President Barack Obama bows his head to composer and performing artist, Stevie Wonder (Official White House photo, public domain)
I, for one, believe, imperial notions of American power and pomp need to end. Just as the social and legal rules that denied women the right to vote and denied equal opportunity have been banished. Just as its okay to work in the White House in shirt sleeves.
Rules based on intimidation and power flexing have no place in modern diplomacy.
In fact, a Nigerian pundit, Okello Oculi, writing in the Abuja Daily Trust, called Obama a “charm weapon, a diplomatic warrior.” He went on to say: “The very sprouting of Obama himself into America's presidency [begins] a dawn of hope for change, not only for Americans but for a world citizenry disgusted with arrogant criminality and morally blind impunity.”
This change of tone is an important first step to re-asserting American leadership.
Another report read, “Clearly the big stories coming out of the Trinidad Summit revolve around what is being called a “new beginning” for US relations with the hemisphere, particularly with Latin American states.”
Chinaview.com quoted one Latin American leader as saying, “the summit successfully led to a new atmosphere."
Barack's cool has given him enormous street-cred, at home and abroad. Another story offers compelling evidence of how Barack's greetings and his coolness under fire has been internalized into the behavior of inner city youth.
In Albany, NY, Sam Fullwood at Politico.com reports, middle school African-American males are peer-correcting each others behavior with the phase, “Barack's in the house.” Imagine the former extremes to which this same group might carry issues of respect for symbolic slights.
For the first time in more than a decade, the cultural connection that these young male students have with Barack has reduced the perception that “respect” is a value that must be aggressively defended at all costs, and that power is the ultimate expression and prized possession of the strongest, most intransient, unbendable will. Achievement and appropriate conduct, including reducing fights and confrontations, are the new peer generated goals. This shift in values among school aged youth is an extraordinary gain—directly connected to Barack's style.
"I believe we'll likely see a positive evolution in the relations between the United States and Latin America. It is possible to create a new dynamic of partnership and contribution," Brazilian President Luiz Inacio Lula da Silva said afterward.
While we are making the world safe for democracy, we must be careful about being attached blindly to the old ways; moving forward, Americans must not continue habits and beliefs that place us among our own worst enemies. Let's re-examine our moral intuition.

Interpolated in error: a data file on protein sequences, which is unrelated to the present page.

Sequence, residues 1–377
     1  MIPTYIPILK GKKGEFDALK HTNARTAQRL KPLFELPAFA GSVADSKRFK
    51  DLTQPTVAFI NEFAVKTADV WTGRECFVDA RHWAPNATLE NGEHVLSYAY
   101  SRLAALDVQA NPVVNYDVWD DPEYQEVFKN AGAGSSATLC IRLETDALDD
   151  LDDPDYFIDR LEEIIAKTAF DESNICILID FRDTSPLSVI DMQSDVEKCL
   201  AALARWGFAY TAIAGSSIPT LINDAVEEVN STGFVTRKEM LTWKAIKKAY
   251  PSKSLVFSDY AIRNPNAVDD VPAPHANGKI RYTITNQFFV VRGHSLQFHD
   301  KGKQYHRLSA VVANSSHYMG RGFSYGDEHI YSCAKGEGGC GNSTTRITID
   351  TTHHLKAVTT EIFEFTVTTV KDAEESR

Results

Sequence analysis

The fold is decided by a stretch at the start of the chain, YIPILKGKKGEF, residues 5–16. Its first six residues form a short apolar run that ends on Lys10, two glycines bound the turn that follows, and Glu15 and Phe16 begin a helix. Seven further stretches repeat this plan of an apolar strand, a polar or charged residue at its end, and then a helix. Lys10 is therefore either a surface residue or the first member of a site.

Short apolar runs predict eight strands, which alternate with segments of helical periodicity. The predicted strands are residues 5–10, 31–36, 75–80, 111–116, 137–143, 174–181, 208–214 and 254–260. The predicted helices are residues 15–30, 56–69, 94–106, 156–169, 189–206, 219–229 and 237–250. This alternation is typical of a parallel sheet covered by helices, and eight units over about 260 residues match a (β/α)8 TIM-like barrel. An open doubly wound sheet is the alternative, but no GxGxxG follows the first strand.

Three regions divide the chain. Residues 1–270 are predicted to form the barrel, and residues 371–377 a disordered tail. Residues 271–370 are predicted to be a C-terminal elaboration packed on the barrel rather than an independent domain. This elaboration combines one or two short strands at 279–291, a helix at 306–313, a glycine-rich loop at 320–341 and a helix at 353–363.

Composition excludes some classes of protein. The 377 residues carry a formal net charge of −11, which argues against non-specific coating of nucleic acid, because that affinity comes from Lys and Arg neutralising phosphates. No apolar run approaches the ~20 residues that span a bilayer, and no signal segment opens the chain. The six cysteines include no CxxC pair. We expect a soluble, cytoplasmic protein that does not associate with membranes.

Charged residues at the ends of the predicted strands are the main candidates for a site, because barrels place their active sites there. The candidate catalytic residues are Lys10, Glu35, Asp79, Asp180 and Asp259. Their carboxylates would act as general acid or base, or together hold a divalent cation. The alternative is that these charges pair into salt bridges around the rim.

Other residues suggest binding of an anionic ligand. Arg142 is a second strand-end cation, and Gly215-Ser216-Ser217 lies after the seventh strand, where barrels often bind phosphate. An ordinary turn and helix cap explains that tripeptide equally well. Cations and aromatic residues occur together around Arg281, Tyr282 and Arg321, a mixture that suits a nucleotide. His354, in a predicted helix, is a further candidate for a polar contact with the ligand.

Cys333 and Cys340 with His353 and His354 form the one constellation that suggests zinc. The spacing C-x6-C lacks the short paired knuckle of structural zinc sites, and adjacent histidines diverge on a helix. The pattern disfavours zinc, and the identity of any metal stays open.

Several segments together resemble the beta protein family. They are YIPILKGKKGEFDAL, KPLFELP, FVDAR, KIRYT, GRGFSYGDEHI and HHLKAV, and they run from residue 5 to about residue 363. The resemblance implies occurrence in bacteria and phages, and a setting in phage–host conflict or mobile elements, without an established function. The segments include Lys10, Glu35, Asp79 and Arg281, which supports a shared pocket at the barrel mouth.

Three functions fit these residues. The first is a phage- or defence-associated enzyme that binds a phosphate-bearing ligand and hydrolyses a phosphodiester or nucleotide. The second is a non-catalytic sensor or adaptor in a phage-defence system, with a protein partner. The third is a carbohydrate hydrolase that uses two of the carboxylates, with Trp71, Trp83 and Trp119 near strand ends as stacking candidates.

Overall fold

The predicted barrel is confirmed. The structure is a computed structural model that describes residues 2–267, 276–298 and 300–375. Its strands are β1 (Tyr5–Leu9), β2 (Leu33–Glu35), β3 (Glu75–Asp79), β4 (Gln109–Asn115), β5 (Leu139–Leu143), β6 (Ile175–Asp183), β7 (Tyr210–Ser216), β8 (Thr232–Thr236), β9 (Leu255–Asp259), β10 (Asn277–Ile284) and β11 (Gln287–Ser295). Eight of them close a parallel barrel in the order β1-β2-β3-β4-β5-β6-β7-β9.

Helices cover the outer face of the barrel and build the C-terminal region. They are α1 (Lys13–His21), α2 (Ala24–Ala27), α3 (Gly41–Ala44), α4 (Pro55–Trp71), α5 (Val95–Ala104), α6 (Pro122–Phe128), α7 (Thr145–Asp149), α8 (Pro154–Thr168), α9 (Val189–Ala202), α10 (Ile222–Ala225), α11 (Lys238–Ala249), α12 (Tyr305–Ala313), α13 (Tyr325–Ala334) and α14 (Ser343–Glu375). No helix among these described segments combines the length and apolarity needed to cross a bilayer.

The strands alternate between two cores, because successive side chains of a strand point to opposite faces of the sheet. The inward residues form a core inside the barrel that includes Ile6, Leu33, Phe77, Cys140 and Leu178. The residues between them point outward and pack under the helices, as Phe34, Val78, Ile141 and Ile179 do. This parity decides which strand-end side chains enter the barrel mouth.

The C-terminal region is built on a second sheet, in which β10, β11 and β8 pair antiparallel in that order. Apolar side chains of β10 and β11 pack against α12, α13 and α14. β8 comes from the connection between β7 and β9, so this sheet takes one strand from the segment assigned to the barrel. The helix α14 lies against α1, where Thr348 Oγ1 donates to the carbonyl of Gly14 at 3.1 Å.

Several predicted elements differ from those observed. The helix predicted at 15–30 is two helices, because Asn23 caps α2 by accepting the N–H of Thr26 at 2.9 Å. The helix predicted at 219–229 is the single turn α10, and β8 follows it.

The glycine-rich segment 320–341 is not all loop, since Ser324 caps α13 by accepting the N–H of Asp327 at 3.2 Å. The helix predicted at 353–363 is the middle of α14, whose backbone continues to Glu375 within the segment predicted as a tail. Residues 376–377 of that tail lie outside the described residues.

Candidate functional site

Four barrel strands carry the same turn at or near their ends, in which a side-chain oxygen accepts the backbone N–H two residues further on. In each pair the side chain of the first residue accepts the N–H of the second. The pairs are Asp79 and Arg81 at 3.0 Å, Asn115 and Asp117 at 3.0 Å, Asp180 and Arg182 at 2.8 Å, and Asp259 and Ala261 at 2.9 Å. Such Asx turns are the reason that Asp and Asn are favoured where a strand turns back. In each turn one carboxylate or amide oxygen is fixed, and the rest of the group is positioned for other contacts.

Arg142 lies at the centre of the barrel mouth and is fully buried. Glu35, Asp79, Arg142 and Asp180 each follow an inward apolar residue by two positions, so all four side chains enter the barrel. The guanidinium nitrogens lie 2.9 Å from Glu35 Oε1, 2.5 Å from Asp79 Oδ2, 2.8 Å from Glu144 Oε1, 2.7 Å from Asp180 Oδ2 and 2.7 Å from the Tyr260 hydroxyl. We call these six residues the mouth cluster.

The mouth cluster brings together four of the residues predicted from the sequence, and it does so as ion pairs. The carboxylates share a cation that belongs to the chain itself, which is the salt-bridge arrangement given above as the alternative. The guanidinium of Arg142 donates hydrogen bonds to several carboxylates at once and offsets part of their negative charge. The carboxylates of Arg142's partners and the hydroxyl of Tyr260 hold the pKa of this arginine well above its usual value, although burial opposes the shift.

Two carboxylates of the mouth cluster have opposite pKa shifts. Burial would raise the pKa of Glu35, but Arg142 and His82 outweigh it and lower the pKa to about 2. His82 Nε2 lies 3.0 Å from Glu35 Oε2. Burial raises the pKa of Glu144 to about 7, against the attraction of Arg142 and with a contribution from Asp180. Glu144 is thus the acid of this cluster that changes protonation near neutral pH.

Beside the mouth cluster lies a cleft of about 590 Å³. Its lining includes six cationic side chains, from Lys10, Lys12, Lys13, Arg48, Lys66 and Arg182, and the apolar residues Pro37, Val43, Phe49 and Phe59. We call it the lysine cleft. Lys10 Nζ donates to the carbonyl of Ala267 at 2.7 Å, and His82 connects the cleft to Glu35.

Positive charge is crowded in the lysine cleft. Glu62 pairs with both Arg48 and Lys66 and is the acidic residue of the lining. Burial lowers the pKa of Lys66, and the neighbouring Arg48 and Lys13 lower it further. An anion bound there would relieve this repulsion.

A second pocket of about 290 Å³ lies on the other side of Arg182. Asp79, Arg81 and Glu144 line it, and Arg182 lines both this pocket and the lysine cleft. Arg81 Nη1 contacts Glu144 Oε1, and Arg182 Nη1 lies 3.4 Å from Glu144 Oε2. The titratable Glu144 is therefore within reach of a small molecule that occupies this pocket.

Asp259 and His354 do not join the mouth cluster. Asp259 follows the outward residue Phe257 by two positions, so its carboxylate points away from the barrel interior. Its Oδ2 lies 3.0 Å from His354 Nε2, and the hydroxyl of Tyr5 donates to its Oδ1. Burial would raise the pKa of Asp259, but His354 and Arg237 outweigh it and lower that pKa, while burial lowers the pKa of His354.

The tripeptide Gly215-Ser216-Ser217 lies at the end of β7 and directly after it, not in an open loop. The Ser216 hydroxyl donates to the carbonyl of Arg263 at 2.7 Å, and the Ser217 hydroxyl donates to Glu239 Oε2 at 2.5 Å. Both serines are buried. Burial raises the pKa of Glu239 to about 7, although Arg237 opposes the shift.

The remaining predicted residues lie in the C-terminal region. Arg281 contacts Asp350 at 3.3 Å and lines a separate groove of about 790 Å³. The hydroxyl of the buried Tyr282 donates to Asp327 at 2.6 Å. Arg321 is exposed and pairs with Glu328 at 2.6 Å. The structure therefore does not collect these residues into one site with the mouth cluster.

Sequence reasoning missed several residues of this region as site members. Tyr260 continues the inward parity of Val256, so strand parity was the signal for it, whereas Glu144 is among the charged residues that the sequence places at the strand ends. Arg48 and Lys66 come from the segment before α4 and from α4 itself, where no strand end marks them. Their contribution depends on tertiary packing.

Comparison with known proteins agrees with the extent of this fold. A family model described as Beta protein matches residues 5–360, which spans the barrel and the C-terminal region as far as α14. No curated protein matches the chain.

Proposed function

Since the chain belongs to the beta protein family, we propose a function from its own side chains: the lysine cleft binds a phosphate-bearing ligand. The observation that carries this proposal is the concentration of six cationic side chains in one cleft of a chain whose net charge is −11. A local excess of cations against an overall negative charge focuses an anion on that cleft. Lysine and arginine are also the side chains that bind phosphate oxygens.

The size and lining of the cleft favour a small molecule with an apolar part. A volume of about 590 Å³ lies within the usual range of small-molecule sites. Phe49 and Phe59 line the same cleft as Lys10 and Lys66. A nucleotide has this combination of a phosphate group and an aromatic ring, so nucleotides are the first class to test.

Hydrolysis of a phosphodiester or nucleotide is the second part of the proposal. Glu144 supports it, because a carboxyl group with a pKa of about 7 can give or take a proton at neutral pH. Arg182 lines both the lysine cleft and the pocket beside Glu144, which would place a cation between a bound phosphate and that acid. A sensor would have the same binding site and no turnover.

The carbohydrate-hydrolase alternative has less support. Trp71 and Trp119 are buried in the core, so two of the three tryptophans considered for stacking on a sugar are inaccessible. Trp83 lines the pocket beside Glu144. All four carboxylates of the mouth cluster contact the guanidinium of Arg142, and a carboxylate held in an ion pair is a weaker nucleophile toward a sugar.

In essence, what we have to gain is far more than what we appear to be giving up.
The Official White House Portraits of the President of the United States, Barack Hussein Obama and the First Lady, Michelle Obama (public domain)
Thanks for reading! I hope you found food for thought.
Walter Rhett posts Southern Perlo from Kudu Coffee in Charleston, SC. A Perlo is rice with local bounty, enjoyed by all.
By its witness, Southern Perlo, in print and photos, connects the American experience and builds a global heritage. Please, stir the perlo, add your spice; leave a comment below.
Southern Perlo supports Water Missions International, providing safe water to more than a million people in 40 countries, at firstgiving.com.
I am often called “old school,” and I agree. I keep alive a tradition in my writing that writers must be committed to the truth as they know it. That writers, use reason and experience, take words, and craft ideas to evaluate the acts and ideas of others. That writers compare, analyze, and argue about dramatic changes that, underneath, are often simple common sense. In this tradition, writers provide evidence when they take a point of view. As a member of the old school, I thrive to offer concrete examples. History is my supply chain, writing is my weapon; you, the reader, assess my aim.
In my old school calling, the purpose of writing is to lead to new and wider human choices, a more noble sense of freedom, and the banishment of nonsense as a frivolous waste of time.
Today, in writing about the “smiling handshake” between Barack Obama and Hugo Chavez at the Summit of the Americas, I want to achieve all three.
Let's begin first with the nonsense. I agree with Newt Gingrich that leaders must speak out with forceful courage, but when he opened his mouth, I see clear evidence, in history and by analogy, that Newt's point of view is more misleading and harmful than the handshake between Obama and Chavez that Newt stridently slammed. Newt called the handclasp “the wrong signal.” He said he was “not for deluding [himself] by handshakes and smiles.” Oh? Not deluded? Nonsense. Newt was completely tricked.
Newt, a former Speaker of the House and member of Congress from Georgia, asked rhetorically how a Head of State can greet warmly a dictator who repeatedly calls for the destruction of the other's country and makes quips that blast and disrespect its leadership? That smiling handshake, according to Newt, will become propaganda to suggest that Chavez's views and insults are magnanimous and legitimate in the court of world opinion and in the central yards, courtyards, and porches of the global masses.
Newt contends the shake acknowledged the Latin despot, Hugo Chavez, and will lead to his distorted views about America being accepted and commonplace in world opinion. The handshake symbolizes our acquiescence and acceptance of Hugo Chavez's invectives, negatives, and political mission.